Charles Moore's Mailbag

WiFi Paranoia, iMac-O-Lantern, Magic Mouse Does Click, Free Clipboard Managers, and More

Charles Moore - 2009.11.05 - Tip Jar

Wireless Paranoia

From Anthony:

Dear Charles,

Thank you for addressing my silly questions about the various Mac machines that I've owned through the years! Now, I have another question! This wireless Internet AirPort stuff - yes, it's magnificent, but is it safe?

Thanks, you are a reassuring source of Mac knowledge, the AirPort wireless connectivity is so good, I'm naturally suspicious!


Hi Anthony,

My short answer to your "is it safe?" question is, "I hope so" - but I say that without any emphatic conviction.

Personally, I'm very happy that the transmission tower for my wireless Internet connection is a couple of miles distant, and I really wouldn't want to live near one, or a cell phone tower either.

That apprehension is based on intuition and philosophy as much as it is on science, but as a general rule I try to minimize my exposure to electromagnetic radiation, particularly at the frequencies used by cell phones, portable phones, and now wireless Internet transmitters. There are many who would call this attitude paranoia, but I call it precautionary skepticism.

No one has been able to conclusively establish a strong link between exposure to radiation from transmission towers and various physical ill effect in human beings, but no one has been able to conclusively disprove any cause and effect linkage either.

No one has been able to conclusively establish a strong link between exposure to radiation from transmission towers and various physical ill effect in human beings, but no one has been able to conclusively disprove any cause and effect linkage either.

I've somewhat softened my resistance to using wireless devices, which I avoided like the plague for years. There are several wireless mice, both RF and Bluetooth connected, that I like a lot, and mostly not because they are wireless, although that does come in very handy for use with a mobile machine that doesn't stay tethered to a desktop.

And now, of course, my connection to the Internet is wireless, and I'm keeping my fingers crossed that the degree of RF radiation I'm absorbing from the AirPort antennas in the laptops will not result in harmful consequences. I have the wireless modem located in a part of the house that is rarely inhabited for lengthy periods of time, such as sleeping. I'm also pragmatic enough to deduce that, at age 58, the risk for me, if any exist objectively, simply based on chronology, is less of a problem than it potentially might be for younger individuals.

Also personally, I would still not be comfortable spending many hours in classrooms, labs, or offices where there are a large number of wireless equipped computers and other electronic devices.

It might be a complete coincidence, but the constellation of chemical sensitivities, neurological issues, and other physical afflictions that I've been struggling with for more than 35 years now began cropping up about a year after I started working for a cable television company back in the early 1970s, where the chair at my workstation was less than 10 feet away from me cablecasting head end, which must have been a potent electromagnetic radiation emitter.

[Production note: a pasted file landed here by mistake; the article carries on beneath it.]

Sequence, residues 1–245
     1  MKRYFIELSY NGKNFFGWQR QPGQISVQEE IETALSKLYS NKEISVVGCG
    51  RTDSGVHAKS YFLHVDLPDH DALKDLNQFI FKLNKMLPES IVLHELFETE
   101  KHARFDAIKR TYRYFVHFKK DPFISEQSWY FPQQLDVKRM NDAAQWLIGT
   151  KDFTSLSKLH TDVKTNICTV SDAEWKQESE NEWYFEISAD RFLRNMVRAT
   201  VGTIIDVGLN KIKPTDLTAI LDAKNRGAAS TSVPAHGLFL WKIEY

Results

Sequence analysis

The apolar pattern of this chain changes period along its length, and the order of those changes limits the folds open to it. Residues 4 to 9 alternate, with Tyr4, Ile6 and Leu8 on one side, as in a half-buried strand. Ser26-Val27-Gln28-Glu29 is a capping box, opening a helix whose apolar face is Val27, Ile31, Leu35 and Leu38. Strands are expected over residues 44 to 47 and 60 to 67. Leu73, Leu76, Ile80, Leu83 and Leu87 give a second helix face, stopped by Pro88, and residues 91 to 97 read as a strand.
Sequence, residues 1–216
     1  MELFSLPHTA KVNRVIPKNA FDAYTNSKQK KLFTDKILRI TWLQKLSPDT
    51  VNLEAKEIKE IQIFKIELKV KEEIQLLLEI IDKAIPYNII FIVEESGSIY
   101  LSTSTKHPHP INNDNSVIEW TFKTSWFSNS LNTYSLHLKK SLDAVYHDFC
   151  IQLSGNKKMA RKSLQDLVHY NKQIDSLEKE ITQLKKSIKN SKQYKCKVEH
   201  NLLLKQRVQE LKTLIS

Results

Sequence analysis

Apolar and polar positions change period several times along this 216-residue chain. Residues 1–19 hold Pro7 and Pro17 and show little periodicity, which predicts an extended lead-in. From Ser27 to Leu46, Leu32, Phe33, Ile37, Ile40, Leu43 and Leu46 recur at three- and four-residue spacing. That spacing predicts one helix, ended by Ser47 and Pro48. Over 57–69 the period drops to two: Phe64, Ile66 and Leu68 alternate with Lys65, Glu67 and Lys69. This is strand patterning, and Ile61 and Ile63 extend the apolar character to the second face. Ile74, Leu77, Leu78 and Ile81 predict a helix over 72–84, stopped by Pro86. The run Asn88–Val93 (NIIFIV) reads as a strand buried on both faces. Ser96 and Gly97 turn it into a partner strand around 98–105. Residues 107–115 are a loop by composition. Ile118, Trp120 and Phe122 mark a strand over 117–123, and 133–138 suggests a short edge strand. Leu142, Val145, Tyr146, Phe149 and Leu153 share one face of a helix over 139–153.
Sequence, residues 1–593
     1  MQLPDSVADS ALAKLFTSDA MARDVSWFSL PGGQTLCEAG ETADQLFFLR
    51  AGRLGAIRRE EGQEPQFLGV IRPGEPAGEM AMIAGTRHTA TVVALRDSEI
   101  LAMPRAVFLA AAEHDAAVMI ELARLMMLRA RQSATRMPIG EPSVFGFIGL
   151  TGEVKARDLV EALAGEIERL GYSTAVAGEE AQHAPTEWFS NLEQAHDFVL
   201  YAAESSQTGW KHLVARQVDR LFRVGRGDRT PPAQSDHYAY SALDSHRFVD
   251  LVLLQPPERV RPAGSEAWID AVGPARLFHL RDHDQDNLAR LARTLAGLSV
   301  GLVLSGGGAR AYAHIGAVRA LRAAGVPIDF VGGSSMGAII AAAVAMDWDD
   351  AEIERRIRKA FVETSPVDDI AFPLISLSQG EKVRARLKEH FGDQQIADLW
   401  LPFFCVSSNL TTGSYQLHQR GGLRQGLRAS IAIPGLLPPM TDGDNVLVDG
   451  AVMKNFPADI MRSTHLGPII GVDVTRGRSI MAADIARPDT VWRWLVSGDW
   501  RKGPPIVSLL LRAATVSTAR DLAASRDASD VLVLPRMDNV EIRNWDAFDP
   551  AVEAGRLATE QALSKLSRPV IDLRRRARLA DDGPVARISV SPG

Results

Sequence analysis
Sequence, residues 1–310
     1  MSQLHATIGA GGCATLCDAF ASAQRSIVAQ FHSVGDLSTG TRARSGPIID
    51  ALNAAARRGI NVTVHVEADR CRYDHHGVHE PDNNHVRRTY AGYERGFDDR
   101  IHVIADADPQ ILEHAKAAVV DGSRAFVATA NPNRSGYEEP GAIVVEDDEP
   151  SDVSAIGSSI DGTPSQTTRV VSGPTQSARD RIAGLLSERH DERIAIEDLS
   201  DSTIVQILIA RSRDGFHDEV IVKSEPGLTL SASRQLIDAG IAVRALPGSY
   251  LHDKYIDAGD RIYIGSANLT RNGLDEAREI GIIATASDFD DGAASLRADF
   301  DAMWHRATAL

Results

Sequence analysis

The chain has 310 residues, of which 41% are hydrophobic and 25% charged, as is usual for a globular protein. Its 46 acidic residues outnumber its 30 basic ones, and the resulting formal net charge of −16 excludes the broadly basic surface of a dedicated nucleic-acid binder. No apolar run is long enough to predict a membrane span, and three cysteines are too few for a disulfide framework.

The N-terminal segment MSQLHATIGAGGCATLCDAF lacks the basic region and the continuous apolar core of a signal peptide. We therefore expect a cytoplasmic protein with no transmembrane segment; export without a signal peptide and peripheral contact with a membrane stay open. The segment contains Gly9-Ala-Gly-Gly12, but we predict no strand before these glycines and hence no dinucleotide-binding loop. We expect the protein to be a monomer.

I hasten to acknowledge that there were other people working in that same office who, as far as I know, never developed any of these particular health issues, but there is a degree of genetic predisposition to such things that one usually doesn't become aware of until after the fact. If I had it to do over, there is no way that I would ever have allowed myself to be exposed to the presumed levels of electromagnetic emissions over such a sustained period.

As I said, this is not knowledge, it's what I like to consider somewhat informed supposition. I don't think anyone can make legitimate assurances that these technologies are safe - and we won't be able to for some years or even decades yet.


iMac Mac-O-Lantern
iMac Mac-O-Lantern


Mr. Moore:

I hope you get a giggle out of this. What do you do when you have a dead tangerine iMac and little money for Halloween decorations? You make a Mac-O-Lantern! See attached.

Enjoy, and happy Halloween.


Hi Lonnie,

Very cool. Thanks for the smile. :-)


Magic Mouse Is Clickable

From Jacub:


I read your story about Targus mice (2 Wireless Alternatives to Apple's Magic Mouse). Just one clarification. The Magic Mouse is clickable. All the surface is one big button (like on MacBook trackpad) so when you click on left or right side, you actually get the click sound and feedback.


Hi Jakub,

Thanks for the catch.

Indeed, right you are. My mistaken impression was based on early and incomplete information on that point.

Personally, I still think I prefer an actual button, provided the action is comfortable. The high water mark for me is the buttons on my Logitech V550 mouse.


Strange Time Stamps in Mail, Skype, and Entourage

From Alejandro:

Dear Charles

I wonder if you can help with this.

I use a MacBook 2 GHz with 2.5 GB RAM running OS X.4.11. For awhile now, the Mail program is showing that all emails arrive at 7.xx - i.e. In the email the date and hour is okay, but on the list of messages you read 7.15 or 7.33 if the email arrived at 9.15 or 12.33.

Skype does the same thing - when I am using the chat, the hour is okay, but next day all chats were at 7.xx....